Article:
Although the eatery was flourishing, Hirala sent his son, Pravin Shah, to the US for Masters. As India attained freedom, Hiralal began his last chapter of HKB, or so he thought.
Pravin moved back in 1950 and established his own electric venture. But destiny had different plans, and ten years later, Hiralal passed away. Praveen took over as the CEO while running his own venture alongside. Destiny played a similar role in the case of grandsons, Gaurang and Bakul, an IITian.
Neither of the grandsons had any idea of the masalas or ingredients used when they started.
“We never stepped inside HKB’s kitchen, let alone carry forward our family’s legacy. I couldn’t tell the difference between two dals or point to the coriander powder. Our circumstances led us to join. That said, the fathers were particular about passing down the right recipe, ingredient measure and technique,” adds Bakul.
Mouth-watering Gujarati dishes
The burgeoning food lovers were introduced to several items that were either hard to find or were not served authentically in other places of the city. Undhiyu, a seasonal dish, was one of them.
It has eight layers – papdi, ariya kakdi (a type of cucumber), tur dana, sweet potatoes, purple yam, eggplant, sweet yellow rajagri bananas, and muthiyas. Every layer is stuffed with masalas. The entire dish is sealed in a tall vessel with finely chopped green garlic, grated coconut and coriander. It takes nearly four hours to prepare.
“The dish is usually consumed in December and January due to the availability of beans and purple yams, but HKB is one of the few eateries across Maharashtra to supply it for six months. We get all the vegetables directly from Surat daily via train to prepare undhiyu. Sure, it increases our expenses, but we want to give our customers the best quality,” says Bakul. It is little wonder that during the winter season and occasions like Dusserah, the eatery sells 100 kilos of undhiyus daily.
Another iconic signature dish is the family of khaman, dhokla and khandvi made from Chana dal instead of besan. It is a tedious process that takes a minimum of 24 hours to prepare. These items strike a perfect balance between sweetness and sourness with ingredients like sugar, mustard seeds, garlic and hing (asafetida). The unique process is healthier and also increases the shelf life of the products.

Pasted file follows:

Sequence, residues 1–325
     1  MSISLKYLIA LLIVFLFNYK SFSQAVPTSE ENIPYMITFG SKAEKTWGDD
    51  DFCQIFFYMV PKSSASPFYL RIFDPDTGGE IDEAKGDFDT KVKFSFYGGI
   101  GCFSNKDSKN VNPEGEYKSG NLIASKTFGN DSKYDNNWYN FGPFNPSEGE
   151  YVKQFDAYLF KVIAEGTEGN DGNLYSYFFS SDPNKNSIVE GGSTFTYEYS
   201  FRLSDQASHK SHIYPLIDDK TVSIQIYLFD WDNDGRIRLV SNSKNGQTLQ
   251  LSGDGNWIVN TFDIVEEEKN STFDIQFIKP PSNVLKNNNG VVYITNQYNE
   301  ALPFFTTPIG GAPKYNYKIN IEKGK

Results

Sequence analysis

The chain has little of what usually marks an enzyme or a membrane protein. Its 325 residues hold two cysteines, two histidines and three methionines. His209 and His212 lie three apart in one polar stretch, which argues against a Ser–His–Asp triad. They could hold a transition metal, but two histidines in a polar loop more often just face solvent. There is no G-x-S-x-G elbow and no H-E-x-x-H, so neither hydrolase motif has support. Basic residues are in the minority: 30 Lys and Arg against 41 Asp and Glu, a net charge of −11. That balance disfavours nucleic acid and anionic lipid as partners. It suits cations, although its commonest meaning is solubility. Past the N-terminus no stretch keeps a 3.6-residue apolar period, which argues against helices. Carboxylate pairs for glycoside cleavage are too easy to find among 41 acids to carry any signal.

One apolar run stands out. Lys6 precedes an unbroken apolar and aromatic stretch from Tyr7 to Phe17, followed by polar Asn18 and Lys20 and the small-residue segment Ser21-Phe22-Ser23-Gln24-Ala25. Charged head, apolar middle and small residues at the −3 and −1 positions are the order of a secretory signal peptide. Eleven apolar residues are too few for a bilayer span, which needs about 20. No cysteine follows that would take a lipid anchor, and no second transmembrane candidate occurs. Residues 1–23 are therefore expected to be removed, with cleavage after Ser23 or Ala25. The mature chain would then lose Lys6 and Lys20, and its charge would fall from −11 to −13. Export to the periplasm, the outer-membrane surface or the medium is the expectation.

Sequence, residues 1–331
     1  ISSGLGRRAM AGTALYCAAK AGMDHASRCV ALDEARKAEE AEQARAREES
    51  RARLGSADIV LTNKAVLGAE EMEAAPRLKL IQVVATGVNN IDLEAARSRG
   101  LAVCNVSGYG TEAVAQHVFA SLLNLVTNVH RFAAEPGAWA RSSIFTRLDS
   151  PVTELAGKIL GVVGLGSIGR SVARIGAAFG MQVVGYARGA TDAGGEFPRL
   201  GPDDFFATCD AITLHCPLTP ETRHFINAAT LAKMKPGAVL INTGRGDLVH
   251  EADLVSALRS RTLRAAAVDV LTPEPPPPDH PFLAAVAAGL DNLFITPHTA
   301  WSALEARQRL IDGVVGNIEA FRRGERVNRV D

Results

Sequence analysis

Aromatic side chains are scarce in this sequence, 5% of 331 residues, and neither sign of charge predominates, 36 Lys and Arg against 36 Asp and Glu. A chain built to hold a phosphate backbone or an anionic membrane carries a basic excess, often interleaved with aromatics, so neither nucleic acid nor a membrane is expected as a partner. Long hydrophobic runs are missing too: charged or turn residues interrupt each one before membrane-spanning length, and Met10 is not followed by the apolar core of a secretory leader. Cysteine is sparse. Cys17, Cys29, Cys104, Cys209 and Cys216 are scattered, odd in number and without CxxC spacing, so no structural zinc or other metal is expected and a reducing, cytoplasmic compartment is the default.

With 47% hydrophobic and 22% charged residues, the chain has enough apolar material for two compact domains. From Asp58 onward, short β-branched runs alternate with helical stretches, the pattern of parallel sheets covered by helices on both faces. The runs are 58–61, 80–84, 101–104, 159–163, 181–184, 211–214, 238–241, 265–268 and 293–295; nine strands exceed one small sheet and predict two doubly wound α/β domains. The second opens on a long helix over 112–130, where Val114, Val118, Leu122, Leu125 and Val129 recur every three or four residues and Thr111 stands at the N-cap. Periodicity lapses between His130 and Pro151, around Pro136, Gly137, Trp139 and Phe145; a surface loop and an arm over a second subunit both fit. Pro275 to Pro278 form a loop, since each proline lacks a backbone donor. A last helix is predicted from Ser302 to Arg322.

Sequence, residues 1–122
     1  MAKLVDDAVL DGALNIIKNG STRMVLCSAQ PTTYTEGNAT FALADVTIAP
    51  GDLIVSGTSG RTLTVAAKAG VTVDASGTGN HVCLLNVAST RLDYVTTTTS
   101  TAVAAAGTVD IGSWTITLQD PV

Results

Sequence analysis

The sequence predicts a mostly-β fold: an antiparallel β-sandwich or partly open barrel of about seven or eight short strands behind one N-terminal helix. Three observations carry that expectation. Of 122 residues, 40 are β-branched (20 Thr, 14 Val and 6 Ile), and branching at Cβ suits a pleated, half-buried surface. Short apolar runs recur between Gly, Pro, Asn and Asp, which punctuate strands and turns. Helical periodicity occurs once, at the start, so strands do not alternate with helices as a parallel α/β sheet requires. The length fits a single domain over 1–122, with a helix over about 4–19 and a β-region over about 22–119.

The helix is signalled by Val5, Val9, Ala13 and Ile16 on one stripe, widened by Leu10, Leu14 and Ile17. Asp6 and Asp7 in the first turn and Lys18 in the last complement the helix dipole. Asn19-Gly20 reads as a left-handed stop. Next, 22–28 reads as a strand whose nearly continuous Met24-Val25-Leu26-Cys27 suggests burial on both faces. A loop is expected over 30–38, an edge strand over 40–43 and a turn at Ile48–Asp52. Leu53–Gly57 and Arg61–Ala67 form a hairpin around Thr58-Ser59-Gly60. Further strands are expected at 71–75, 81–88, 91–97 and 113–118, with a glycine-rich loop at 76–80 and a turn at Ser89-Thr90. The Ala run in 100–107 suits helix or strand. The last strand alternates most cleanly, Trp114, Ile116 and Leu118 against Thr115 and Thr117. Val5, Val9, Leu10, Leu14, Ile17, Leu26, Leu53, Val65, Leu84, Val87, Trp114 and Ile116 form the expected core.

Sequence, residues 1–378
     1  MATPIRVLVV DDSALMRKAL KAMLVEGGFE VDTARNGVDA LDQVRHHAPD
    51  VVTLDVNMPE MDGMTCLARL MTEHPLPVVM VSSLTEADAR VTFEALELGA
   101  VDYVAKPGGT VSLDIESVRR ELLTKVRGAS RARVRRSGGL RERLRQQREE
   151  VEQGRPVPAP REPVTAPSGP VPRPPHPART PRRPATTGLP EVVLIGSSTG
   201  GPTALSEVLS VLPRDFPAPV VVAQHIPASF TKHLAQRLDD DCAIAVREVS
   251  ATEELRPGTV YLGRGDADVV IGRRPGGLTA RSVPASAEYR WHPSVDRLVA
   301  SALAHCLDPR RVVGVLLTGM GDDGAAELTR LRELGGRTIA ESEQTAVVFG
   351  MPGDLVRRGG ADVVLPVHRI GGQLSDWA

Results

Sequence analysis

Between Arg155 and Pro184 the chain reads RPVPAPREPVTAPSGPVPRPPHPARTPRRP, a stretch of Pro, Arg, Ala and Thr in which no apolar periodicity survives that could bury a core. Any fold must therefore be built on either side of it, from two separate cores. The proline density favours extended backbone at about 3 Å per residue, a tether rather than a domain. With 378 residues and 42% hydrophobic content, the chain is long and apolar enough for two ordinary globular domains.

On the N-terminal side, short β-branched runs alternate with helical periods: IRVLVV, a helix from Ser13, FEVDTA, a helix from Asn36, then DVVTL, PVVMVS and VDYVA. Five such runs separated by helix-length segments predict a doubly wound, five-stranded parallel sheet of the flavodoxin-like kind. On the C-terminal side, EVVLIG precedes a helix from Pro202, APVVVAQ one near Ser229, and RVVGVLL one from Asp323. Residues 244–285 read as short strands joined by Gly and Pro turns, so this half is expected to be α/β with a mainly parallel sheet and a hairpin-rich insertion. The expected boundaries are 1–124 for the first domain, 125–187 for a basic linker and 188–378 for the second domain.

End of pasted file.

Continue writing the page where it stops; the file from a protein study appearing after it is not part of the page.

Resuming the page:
Their sweet batata vadas are also a safe bet. It is very different from the quintessential Mumbai vadas in terms of taste, texture and stuffing. They contain mashed potatoes, green masalas and no turmeric is used.
Sarsiya Khaja is a best-seller during monsoons. It is a round-shaped savoury snack that HKB specially prepares in sarso (mustard) oil sprinkled with black pepper so that people don’t catch a cold. Other items include khatta dhokla, kachori, mawa ghari, methi bhajiya, goba puri, khakra, ghatiya, bajri vada and more.
Although the world has moved on from traditionally used groundnut oil to others like olive and palm, HKB continues to use groundnut oil for health reasons,” It is a rich source of Vitamin E and helps in reducing heart disease risk factors. It also helps improve insulin sensitivity,” says Bakul.
HKB offers delivery (chargeable) across Mumbai. Still, the best way to relish the dishes and give justice to century-old culinary tradition is to visit the place at the eastern end of Vithalbhai Patel road.
To sum it up, HKB surely is testimony to the ancient saying ‘Surat nu jaman ane Kashi nu maran’ which roughly translates to the best way of attaining salvation or satisfying your soul is by dining in Surat and dying in Kashi.
The best part? Mumbaikars, you can attain salvation right in your city!
Get in touch with HKB here
(Edited by Vinayak Hegde)